3.
Musikatavorn K, Tansangngam P, Lumlertgul S, Komindr A. A randomized controlled trial of adding intravenous pantoprazole to conventional treatment for the immediate relief of dyspeptic pain. The American Journal of Emergency Medicine. 2012;30(9):1737-1742. doi: 10.1016/j.ajem.2012.02.001
4.
Senay E. Comparison of intravenous pantoprazole and ranitidine in patients with dyspepsia presented to the emergency department: a randomized, double blind, controlled trial. World J Emerg Med. 2016;7(1):30. doi: 10.5847/wjem.j.1920-8642.2016.01.005
5.
Konturek J, Beneke M, Koppermann R, Petersen-Braun M, Weingärtner U. The efficacy of hydrotalcite compared with OTC famotidine in the on-demand treatment of gastroesophageal reflux disease: a non-inferiority trial. Med Sci Monit. 2007;13(1):CR44-9. [PubMed]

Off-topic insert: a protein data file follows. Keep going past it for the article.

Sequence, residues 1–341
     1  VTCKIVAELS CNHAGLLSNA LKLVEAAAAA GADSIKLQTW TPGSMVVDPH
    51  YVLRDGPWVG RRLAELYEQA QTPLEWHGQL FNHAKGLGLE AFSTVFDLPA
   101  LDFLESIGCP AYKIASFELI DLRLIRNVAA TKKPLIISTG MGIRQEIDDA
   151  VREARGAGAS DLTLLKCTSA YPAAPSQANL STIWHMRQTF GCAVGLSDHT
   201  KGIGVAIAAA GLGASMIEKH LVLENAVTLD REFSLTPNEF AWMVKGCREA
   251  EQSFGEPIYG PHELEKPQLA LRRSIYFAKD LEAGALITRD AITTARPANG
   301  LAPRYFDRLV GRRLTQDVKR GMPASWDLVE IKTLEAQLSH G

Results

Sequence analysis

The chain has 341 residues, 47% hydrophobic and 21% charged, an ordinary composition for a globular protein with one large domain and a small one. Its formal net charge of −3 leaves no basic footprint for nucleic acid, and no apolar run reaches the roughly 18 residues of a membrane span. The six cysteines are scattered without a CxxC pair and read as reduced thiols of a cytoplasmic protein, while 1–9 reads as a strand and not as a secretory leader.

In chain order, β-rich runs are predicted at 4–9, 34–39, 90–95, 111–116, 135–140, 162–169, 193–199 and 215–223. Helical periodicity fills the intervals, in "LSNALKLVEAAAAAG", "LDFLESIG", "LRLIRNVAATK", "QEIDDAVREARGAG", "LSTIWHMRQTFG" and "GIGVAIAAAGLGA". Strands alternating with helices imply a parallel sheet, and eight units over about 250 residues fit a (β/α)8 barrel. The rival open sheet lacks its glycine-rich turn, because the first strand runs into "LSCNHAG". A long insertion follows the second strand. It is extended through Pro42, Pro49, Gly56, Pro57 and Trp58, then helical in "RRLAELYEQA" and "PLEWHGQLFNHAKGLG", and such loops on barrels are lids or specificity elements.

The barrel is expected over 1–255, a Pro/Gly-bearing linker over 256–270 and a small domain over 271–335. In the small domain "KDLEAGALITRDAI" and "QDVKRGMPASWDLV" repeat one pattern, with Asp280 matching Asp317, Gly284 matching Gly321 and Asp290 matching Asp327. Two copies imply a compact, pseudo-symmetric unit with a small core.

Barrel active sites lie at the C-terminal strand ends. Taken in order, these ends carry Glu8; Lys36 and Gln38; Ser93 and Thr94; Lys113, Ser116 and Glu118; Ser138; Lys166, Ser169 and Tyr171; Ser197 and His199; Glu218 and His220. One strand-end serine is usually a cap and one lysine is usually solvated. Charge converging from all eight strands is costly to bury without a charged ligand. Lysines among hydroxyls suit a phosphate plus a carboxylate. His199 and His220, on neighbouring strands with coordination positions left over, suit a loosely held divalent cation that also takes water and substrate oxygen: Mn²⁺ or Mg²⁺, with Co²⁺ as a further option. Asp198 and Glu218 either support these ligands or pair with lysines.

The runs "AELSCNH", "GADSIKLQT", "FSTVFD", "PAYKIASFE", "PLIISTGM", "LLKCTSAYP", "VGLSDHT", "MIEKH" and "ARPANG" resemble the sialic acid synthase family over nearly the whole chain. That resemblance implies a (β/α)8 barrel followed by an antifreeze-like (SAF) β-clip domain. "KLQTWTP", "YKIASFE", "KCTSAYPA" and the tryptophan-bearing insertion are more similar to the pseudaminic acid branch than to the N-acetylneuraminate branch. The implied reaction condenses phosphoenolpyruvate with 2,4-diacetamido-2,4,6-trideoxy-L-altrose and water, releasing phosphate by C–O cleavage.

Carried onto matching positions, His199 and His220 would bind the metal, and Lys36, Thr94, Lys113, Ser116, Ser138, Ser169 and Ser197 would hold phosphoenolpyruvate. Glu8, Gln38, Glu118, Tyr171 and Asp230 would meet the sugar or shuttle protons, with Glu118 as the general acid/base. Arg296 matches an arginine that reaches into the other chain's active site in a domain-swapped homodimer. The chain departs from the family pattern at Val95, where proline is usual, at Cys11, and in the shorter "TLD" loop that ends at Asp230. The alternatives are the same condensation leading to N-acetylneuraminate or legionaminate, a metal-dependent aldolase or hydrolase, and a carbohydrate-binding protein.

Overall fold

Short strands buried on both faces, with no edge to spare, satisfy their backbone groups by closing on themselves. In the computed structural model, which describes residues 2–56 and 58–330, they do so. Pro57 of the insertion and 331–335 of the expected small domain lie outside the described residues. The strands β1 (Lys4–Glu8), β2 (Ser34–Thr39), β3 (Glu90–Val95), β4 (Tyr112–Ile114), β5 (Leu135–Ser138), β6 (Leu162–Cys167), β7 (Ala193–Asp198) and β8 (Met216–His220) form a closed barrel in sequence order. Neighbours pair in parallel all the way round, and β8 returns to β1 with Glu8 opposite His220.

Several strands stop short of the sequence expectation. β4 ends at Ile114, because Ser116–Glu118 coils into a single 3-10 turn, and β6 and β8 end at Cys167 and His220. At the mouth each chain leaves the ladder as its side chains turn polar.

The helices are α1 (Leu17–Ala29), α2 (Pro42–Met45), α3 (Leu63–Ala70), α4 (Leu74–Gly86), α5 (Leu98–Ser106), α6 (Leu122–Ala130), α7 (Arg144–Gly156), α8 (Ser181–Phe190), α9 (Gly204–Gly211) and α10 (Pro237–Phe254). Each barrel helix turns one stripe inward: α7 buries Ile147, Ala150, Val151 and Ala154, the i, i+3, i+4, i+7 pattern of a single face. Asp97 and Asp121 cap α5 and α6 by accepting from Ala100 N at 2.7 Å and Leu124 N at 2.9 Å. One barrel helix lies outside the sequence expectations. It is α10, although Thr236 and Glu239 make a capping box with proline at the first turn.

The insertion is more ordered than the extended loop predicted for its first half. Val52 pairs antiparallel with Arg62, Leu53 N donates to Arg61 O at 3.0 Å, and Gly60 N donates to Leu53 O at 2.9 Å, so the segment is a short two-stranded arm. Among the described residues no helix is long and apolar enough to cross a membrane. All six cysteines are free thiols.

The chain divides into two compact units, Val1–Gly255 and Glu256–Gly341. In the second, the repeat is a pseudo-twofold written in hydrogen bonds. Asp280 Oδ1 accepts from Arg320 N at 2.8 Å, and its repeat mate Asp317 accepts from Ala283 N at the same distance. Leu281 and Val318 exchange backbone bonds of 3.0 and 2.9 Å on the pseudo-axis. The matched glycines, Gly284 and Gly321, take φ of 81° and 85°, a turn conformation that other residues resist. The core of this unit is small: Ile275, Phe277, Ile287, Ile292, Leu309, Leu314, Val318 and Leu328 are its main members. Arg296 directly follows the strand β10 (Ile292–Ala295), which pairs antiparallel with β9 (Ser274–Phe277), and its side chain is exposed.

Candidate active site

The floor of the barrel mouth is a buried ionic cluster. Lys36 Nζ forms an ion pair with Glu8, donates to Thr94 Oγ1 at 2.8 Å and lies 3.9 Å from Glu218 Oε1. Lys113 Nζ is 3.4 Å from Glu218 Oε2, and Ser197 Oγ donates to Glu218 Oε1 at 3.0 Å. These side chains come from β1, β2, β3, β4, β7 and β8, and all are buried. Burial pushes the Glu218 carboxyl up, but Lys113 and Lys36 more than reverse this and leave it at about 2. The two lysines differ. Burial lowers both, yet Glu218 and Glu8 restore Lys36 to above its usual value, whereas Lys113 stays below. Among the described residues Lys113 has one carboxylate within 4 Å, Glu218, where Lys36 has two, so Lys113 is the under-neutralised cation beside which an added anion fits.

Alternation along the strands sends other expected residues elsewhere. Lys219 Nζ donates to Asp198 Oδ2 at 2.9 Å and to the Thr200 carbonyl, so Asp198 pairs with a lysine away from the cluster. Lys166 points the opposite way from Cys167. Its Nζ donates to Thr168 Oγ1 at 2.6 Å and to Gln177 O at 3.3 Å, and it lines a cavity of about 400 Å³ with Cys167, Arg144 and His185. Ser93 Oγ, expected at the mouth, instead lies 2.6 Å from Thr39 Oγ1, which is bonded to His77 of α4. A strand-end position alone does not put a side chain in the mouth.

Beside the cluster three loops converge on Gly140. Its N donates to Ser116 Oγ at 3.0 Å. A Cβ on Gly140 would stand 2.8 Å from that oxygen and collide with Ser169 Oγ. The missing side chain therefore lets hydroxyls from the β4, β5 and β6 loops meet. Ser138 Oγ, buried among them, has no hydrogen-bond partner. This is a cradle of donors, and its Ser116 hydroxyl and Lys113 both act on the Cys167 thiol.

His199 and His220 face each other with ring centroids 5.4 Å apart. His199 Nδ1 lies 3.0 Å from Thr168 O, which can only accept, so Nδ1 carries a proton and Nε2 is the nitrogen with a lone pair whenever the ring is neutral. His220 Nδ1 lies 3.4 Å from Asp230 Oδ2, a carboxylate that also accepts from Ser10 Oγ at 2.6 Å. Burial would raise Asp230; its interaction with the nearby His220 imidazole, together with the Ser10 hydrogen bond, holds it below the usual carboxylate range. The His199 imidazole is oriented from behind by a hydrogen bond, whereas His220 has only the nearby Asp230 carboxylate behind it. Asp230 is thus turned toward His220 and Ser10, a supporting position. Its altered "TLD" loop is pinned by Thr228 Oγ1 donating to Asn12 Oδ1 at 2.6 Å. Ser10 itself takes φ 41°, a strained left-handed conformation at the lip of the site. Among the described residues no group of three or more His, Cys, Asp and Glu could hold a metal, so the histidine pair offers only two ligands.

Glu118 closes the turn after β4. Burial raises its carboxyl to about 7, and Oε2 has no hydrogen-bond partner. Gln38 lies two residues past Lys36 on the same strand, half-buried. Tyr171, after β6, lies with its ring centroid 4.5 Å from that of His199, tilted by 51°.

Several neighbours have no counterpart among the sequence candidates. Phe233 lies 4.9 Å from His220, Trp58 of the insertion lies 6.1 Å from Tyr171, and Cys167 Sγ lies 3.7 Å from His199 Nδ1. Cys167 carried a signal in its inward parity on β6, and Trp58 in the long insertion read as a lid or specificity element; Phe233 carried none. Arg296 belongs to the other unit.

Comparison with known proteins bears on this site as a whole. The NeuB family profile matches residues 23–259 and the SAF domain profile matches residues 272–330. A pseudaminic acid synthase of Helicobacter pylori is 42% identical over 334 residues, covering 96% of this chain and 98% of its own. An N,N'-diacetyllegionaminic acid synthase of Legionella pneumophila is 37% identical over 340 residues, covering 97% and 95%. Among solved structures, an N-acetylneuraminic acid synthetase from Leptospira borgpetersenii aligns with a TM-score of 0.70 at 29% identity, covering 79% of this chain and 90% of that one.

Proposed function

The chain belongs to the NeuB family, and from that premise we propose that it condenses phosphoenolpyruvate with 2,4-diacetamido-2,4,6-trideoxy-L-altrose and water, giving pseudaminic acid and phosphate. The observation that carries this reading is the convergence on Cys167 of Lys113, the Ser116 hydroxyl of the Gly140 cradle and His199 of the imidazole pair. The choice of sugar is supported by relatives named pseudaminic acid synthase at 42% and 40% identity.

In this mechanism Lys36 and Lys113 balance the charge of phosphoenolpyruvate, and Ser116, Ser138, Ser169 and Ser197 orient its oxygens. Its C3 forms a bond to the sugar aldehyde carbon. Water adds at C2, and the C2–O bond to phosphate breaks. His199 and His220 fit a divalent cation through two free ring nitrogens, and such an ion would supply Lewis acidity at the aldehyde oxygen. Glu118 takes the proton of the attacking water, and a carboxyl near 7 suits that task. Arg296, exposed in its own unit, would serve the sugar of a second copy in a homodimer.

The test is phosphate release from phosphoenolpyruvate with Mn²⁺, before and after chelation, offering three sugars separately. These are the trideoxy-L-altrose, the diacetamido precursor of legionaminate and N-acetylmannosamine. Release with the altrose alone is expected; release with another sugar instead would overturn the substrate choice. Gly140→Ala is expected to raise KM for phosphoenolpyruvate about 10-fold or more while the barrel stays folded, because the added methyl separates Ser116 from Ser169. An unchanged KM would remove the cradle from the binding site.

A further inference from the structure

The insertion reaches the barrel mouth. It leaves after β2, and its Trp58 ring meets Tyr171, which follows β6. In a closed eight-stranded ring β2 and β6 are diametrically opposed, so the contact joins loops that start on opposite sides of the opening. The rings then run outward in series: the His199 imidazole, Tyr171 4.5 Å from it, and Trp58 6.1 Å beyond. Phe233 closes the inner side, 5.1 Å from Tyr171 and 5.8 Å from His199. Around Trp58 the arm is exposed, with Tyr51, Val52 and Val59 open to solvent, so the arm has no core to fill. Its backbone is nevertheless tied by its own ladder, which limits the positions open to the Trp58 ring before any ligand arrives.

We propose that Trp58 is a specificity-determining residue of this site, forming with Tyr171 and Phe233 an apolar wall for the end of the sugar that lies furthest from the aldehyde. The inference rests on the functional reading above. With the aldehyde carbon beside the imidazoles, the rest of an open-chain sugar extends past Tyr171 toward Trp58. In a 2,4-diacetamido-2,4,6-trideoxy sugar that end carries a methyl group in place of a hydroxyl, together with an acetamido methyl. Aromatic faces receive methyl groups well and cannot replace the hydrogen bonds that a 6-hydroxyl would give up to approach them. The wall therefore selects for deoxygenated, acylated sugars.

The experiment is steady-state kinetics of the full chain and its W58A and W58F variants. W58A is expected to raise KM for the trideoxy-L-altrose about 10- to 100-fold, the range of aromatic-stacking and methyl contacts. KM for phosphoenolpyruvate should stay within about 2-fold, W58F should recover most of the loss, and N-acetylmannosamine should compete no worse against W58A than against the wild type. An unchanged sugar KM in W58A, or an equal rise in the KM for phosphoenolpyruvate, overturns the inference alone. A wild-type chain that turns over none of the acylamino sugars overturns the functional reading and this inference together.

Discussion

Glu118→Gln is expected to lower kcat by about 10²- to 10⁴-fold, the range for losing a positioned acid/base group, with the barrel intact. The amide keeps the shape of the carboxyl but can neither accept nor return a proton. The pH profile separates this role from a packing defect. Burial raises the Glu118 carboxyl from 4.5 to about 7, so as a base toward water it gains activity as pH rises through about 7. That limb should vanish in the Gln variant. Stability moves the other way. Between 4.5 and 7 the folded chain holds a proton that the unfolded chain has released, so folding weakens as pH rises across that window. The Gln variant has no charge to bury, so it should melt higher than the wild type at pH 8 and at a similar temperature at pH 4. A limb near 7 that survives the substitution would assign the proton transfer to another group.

6.
Holtmeier W, Holtmann G, Caspary WF, Weing??rtner U. On-demand Treatment of Acute Heartburn With the Antacid Hydrotalcite Compared With Famotidine and Placebo. Journal of Clinical Gastroenterology. 2007;41(6):564-570. doi: 10.1097/mcg.0b013e31802e7efb
7.
Faaij, Van Gerven, Jolivet-Landreau, et al. Onset of action during on-demand treatment with Maalox suspension or low-dose ranitidine for heartburn. Aliment Pharmacol Ther. 1999;13(12):1605-1610. doi: 10.1046/j.1365-2036.1999.00654.x
8.
Yasuda S, Higashi S, Murakami M, Tomono Y, Kawaguchi M. Antacids have no influence on the pharmacokinetics of rabeprazole, a new proton pump inhibitor, in healthy volunteers. Int J Clin Pharmacol Ther. 1999;37(5):249-253. [PubMed]

Reviewing with the Staff